If you’ve messed up and managed to get married without an airtight prenup, you’re going to have a messy divorce. Unless you have a fairy tale romance that can never be torn asunder, but statistically you don’t, so you should be planning for divorce. And congratulations to our gay brothers and sisters — with Illinois joining the 21st century this week as the 15th state to legalize same-sex marriage, you too will soon have to begin planning for divorces.
But when you get divorced, who should you hire to represent you? One publication has compiled its list of the 10 divorce lawyers you don’t want across the table from you….
When a Biglaw partner is accused of domestic violence, we can’t help but honor him as ATL’s Lawyer of the Day. But we must note that this article from the New York Daily News drips with lawyer hatred, in describing a case where the attorney was not convicted.
They didn’t even spell Cadwalader partner Ira Schacter’s name correctly. We’ve put the perceived lawyer hatin’ in bold:
A high-powered Manhattan lawyer was cleared of wife-beating charges Tuesday — even though cops said his estranged wife was hurt in a scuffle last fall at the couple’s East Side townhouse.
Ira Schachter, a partner at the white-shoe firm of Cadwalader, Wickersham and Taft, was freed despite dramatic photos that appear to show him causing a commotion outside the pricey brownstone on E. 78th St.
Manhattan Criminal Court Judge Larry Stephen also scrapped an order of protection against Ira Schachter, 48, after prosecutors said they couldn’t prove the case against him….
Ira Schachter walked out of court surrounded by an entourage of powerful lawyers, including divorce lawyer Raoul Felder and Ira Sorkin, former head of enforcement at the federal Securities and Exchange Commission.
Not to say that beating your wife is okay. His wife claims he choked her, and police photos showed bruises on her head and neck. Schacter claimed it was self-defense after his wife bit his finger “to the bone.”
Ed. note: The Asia Chronicles column is authored by Kinney Recruiting. Kinney has made more placements of U.S. associates, counsels and partners in Asia than any other recruiting firm in each of the past seven years. You can reach them by email: firstname.lastname@example.org.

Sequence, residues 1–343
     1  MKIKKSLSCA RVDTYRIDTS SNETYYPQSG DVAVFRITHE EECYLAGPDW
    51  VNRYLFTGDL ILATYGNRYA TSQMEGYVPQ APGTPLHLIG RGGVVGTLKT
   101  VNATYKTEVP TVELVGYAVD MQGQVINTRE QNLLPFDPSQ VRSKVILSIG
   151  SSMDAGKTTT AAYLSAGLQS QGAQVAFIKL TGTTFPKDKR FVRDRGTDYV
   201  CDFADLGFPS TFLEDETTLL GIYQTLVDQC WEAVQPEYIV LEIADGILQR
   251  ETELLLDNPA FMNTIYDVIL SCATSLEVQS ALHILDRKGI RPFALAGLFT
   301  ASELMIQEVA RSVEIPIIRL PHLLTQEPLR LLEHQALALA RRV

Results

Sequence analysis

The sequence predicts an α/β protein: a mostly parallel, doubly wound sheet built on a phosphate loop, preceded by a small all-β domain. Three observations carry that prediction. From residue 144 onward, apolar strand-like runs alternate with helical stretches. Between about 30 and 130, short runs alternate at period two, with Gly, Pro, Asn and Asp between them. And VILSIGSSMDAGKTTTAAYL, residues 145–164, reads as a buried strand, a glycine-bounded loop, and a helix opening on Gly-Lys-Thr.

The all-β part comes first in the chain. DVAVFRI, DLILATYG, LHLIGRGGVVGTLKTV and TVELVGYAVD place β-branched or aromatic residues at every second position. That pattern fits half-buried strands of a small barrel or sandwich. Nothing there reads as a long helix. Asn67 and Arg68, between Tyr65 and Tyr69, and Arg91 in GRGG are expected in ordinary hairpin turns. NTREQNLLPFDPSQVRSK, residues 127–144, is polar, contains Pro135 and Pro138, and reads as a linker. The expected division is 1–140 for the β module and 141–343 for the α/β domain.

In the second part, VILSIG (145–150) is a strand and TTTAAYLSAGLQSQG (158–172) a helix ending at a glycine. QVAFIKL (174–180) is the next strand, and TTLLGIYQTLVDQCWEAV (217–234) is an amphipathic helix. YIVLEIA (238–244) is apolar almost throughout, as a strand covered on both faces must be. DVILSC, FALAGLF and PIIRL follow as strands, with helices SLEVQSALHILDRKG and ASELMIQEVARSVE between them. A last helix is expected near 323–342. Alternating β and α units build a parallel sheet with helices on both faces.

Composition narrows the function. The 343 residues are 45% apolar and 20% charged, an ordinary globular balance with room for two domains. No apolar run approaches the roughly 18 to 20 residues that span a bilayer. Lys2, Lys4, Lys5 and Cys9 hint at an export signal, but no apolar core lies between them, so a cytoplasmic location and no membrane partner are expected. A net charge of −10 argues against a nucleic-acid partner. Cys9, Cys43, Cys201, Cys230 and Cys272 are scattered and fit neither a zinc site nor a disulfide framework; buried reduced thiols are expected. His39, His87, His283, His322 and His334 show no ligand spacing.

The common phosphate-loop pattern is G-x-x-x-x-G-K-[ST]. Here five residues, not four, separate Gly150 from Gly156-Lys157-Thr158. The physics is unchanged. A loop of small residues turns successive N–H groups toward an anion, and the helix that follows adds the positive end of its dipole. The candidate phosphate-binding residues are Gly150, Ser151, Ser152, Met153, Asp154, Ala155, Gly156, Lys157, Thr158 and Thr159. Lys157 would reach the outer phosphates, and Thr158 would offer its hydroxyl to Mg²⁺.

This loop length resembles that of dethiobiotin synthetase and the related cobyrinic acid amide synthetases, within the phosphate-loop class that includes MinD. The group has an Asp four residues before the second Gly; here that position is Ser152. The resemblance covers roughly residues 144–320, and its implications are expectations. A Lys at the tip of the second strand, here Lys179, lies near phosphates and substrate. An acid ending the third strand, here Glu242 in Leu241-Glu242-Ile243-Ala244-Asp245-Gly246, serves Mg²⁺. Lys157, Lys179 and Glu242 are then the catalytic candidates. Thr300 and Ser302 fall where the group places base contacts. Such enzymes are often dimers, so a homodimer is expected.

It’s that time of year again when JDs are starting to apply for 2L summer jobs and 2L summers are deciding which practice area to focus on.
For those JDs with an interest in potentially lateraling to or transferring to Asia in the future, please feel free to reach out to Kinney for advice on firm choices, interviewing and practice choices, relating to future marketability in Asia, or for a general discussion on your particular Asia markets of interest. This is of course a free of cost service for those who some years in the future may be our future industry contacts or perhaps even clients.
For some years now Kinney’s Asia head, Evan Jowers, has been formally advising Harvard Law students with such questions, as the Asia expert in Harvard Law’s “Ask The Experts Market Program” each summer and fall, with podcasts and scheduled phone calls. This has been an enjoyable and productive experience for all involved.
Whether you’re fresh off the bar exam or hitting your stride after hanging a shingle a few years ago, one thing’s for certain: independent attorneys who start a solo or small-law practice live with a certain amount of stress.
Non-attorneys would think the stress comes from preparing for a big trial, deposing a hostile witness, or crafting the perfect contract for a picky client.
But that’s nothing compared to the constant, nagging, real-life kind, the kind you get from the day-to-day grind of being a law-abiding attorney.
Connecticut plaintiffs-side boutique litigation firm (12 lawyers) seeks full-time associate with 2-4 years litigation experience, top tier undergraduate and law school education. Journal or clerkship experience a plus; highest ethical standards and strong work ethic required. Familiarity with Connecticut state court legal practice is preferred, but not required.
The firm handles sophisticated, high-end cases for plaintiffs, including individuals and businesses with significant claims in a wide array of matters. Our cases often have important public policy implications, and are litigated in state and federal courts throughout Connecticut. Representative areas of practice include medical malpractice, catastrophic personal injury, business torts, deceptive trade practices and other complex commercial litigation, and products liability.
Additional information can be located on our website, at www.sgtlaw.com.